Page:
TUESDAY, Feb. 2, 2021 (HealthDay News) — Concussions and head impacts are most likely to occur in collegiate football players during the preseason and practices, according to a brief report published online Feb. 1 in JAMA Neurology.
Michael A. McCrea, Ph.D., from the Medical College of Wisconsin in Milwaukee, and colleagues used data from six Division I National Collegiate Athletic Association football programs (2015 to 2019). The analysis included 658 collegiate football players (mean age, 19.0 years) instrumented with the Head Impact Telemetry (HIT) System.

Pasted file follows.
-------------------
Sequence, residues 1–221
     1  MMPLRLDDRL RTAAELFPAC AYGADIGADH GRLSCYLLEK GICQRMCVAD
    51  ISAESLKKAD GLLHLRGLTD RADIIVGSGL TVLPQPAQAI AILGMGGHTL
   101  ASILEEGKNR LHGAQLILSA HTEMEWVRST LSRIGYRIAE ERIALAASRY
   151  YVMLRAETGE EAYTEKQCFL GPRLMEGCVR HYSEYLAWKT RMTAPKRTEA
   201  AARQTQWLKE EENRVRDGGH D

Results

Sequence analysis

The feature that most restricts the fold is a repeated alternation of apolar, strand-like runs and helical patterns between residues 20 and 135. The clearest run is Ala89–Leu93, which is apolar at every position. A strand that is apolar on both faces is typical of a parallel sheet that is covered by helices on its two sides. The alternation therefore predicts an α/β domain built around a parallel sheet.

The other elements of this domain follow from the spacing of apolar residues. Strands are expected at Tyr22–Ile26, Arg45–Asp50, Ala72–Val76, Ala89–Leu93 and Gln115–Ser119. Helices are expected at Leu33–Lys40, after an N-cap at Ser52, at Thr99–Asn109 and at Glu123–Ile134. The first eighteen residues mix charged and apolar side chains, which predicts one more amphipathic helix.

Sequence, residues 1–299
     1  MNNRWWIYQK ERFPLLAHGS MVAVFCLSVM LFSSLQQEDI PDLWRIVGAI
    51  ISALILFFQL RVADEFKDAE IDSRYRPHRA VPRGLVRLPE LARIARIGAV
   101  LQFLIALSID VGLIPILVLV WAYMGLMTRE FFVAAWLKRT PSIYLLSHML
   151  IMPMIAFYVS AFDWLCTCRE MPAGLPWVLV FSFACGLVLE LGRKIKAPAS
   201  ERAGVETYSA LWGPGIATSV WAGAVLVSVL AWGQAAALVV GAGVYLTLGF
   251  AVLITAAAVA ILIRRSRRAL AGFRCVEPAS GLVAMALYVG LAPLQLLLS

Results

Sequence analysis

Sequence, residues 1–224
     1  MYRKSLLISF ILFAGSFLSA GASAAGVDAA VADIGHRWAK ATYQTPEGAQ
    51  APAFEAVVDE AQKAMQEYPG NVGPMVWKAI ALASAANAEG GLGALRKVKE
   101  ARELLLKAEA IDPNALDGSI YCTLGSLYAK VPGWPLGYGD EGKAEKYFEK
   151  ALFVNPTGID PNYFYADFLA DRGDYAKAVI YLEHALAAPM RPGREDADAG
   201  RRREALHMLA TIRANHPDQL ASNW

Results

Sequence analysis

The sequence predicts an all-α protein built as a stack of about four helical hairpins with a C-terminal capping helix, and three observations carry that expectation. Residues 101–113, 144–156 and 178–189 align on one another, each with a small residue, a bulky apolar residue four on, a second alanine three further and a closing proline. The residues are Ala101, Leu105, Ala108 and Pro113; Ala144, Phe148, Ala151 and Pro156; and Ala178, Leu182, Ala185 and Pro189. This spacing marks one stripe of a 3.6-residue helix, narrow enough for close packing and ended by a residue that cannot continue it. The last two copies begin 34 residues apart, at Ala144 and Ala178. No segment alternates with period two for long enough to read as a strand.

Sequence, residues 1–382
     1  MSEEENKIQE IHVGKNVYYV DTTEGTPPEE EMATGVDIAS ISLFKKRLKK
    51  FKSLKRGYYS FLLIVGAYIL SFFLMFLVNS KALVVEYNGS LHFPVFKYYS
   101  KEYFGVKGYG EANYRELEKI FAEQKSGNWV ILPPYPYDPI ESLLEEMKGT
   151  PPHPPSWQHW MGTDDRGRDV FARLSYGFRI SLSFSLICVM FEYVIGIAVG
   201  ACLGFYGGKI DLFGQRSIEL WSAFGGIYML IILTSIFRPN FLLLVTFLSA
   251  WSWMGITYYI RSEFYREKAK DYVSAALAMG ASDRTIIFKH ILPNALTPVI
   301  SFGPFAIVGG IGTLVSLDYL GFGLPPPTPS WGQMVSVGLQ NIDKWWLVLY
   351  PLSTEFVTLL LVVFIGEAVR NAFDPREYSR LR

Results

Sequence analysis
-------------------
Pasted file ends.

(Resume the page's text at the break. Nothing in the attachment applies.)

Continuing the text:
The researchers identified 528,684 head impacts during football practices or games, with players sustaining a median of 415 recorded head impacts per season; 68 players sustained a diagnosed concussion. Nearly half of concussions (48.5 percent) occurred during preseason training, despite preseason representing only 20.8 percent of the football season. Relatedly, twice as much total head impact exposure occurred in the preseason versus regular season (324.9 versus 162.4 impacts per team per day). For each season, head impact exposure per athlete was highest in the August preseason and lowest in November (median, 146.0 and 80.0 impacts, respectively). During the five seasons studied, nearly three-quarters of concussions (72 percent) and two-thirds of head impacts (66.9 percent) occurred during practices. “These findings point to specific areas where public policy, education, and other prevention strategies could be targeted to make the greatest overall reduction in concussion incidence and head impact exposure in college football, which has important implications for protecting the safety and health of collegiate football players,” the authors write.
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